Featured image of article: ConVal NH Scholars Take Fisher Cats Field Trip

ConVal NH Scholars Take Fisher Cats Field Trip

On May 18, ConVal High School students who have qualified as New Hampshire Scholars took a field trip to the Northeast Delta Dental Stadium in Manchester to take in a Fisher Cats baseball game.

Only a few students could take advantage of the field trip opportunity as the rest were working on class projects and either taking or preparing for AP examinations.

For this year, fifty prospective graduates have been confirmed as New Hampshire Scholars: Daniel Allen, KJ Ammon, Anita Anable, Liam Baldwin, Noah Bell, Marisa Bernabeo, Zachary Beymer, Isaac Blake, Jamilla Buzzell, Sage Cawthern, Sawyer Cawthern, Hannah Cheneau, Chloe Cheviot, Emalee Coutu, Oliver Ellerkamp, Caitlin Galea, Maria Gapp, Kaitlyn Giza, Becket Gourlay, Bridget Grady, Sylvie Holding, Juliet Hunt, Michelle Jarest, Sarah Johnson, Jordan Kania, Astrid Kipka, Dan Learn, Breanna Lester, Michael Long, Allison MacPhee, Emma-Rose Mellon, Colleen Minnihan, Gracyn Mose, Maeve Newman, Barrett Norton, Moriah Pabo, Trina Parslow, Megan Pelissier, Sarah Perrault, Jill Pierson, Caroline Riffle, Alexis Robicheau-Hall, Marlena Sorbello, Jacob Swain, Tierney Thompson, John Tyle, Rowan Tyne, Luke Wilson, Grace Wirein, Samantha Yeaw, and Michael Zrzavy.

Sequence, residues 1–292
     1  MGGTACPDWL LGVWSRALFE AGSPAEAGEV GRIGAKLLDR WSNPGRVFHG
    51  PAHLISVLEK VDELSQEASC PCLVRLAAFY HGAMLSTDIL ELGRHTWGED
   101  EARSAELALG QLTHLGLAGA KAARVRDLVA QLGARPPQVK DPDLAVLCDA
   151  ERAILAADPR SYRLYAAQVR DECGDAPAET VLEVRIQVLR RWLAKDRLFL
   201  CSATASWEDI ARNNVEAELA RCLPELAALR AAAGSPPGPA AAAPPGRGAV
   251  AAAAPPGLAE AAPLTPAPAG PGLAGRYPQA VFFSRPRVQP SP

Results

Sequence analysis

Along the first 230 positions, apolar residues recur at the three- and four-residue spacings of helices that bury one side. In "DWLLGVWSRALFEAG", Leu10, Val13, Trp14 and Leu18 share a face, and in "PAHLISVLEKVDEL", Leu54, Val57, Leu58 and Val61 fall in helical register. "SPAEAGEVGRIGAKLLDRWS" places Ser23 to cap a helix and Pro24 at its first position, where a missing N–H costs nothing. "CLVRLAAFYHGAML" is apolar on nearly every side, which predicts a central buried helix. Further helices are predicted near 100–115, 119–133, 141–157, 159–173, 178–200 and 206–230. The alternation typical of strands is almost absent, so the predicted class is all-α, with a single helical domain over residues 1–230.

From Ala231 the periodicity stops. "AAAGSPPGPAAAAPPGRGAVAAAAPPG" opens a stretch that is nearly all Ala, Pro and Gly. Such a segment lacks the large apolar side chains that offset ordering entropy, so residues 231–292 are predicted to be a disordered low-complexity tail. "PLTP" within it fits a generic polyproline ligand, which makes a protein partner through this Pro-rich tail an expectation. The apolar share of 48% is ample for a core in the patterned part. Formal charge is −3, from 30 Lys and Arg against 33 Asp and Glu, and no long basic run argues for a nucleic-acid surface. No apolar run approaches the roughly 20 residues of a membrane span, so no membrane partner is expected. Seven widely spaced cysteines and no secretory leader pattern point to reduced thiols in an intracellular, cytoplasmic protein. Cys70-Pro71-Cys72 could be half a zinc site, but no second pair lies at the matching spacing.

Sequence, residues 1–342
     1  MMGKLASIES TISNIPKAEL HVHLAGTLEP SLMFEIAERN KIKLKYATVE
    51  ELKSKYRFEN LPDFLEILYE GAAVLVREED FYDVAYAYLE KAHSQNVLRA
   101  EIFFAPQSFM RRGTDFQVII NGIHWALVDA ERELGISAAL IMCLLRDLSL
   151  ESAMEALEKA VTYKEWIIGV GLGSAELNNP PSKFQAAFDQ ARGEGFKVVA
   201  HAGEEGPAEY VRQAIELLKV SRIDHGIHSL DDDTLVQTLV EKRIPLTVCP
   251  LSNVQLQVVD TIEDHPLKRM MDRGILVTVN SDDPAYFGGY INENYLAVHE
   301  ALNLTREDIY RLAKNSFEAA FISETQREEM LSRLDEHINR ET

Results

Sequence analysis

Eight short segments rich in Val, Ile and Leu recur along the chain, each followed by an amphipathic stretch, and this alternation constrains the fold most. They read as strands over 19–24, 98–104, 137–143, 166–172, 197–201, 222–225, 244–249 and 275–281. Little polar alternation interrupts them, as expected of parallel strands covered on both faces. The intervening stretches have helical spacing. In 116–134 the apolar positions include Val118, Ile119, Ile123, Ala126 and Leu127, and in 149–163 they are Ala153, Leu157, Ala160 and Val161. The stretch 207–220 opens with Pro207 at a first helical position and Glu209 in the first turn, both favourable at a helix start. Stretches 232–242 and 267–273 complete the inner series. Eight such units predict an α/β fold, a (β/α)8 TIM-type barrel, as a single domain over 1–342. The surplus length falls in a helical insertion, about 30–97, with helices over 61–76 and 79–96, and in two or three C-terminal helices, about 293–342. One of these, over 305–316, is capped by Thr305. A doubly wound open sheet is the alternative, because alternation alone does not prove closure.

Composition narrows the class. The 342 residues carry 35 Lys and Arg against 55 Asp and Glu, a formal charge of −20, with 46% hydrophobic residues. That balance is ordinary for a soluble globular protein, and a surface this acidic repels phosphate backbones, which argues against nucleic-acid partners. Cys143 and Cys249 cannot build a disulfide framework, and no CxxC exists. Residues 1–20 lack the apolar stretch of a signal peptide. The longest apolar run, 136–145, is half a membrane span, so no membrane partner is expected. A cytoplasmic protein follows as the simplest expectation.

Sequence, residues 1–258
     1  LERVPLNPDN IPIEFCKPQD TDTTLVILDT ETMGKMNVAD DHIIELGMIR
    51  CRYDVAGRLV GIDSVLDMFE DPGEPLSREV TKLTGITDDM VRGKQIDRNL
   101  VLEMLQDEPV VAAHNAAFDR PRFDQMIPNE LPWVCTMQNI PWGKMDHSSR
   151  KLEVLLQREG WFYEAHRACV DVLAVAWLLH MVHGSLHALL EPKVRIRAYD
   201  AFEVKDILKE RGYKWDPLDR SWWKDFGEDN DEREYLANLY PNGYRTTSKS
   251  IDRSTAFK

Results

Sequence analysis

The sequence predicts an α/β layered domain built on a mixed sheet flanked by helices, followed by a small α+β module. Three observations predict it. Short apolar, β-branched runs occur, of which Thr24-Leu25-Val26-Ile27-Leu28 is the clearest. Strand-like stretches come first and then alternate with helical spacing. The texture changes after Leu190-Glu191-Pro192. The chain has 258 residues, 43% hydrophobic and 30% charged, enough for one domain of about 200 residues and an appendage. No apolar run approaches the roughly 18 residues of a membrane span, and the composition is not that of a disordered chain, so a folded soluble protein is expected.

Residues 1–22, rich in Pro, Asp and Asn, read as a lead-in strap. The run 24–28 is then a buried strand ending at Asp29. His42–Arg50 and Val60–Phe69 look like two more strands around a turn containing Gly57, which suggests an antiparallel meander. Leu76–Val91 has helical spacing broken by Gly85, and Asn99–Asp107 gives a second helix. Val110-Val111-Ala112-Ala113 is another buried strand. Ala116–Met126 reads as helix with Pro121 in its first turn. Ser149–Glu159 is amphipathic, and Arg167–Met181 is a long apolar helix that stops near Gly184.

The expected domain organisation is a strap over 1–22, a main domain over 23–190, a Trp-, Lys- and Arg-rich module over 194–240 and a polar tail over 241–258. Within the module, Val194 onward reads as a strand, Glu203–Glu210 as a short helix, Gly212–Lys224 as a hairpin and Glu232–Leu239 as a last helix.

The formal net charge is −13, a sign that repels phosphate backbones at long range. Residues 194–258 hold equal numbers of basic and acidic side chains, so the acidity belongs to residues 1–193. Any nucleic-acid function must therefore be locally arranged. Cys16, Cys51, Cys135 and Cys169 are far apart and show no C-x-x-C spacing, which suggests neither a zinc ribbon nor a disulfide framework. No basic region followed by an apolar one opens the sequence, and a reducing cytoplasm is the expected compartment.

The New Hampshire Scholars Initiative is an effort by area business and school volunteers to encourage and motivate all high school students to complete a defined, rigorous academic course of study that prepares them for successful transition to college or university coursework or vocational and technical training necessary to enter today’s competitive job market.

New Hampshire Scholars are high school students who have pledged to complete the State Scholars Core Course of Study, a specific sequence of academic courses in English, math, science, social studies, and foreign language. The New Hampshire Scholars philosophy is based on the belief that it is better to be successful in an academically challenging course than to get a higher grade in an easier course.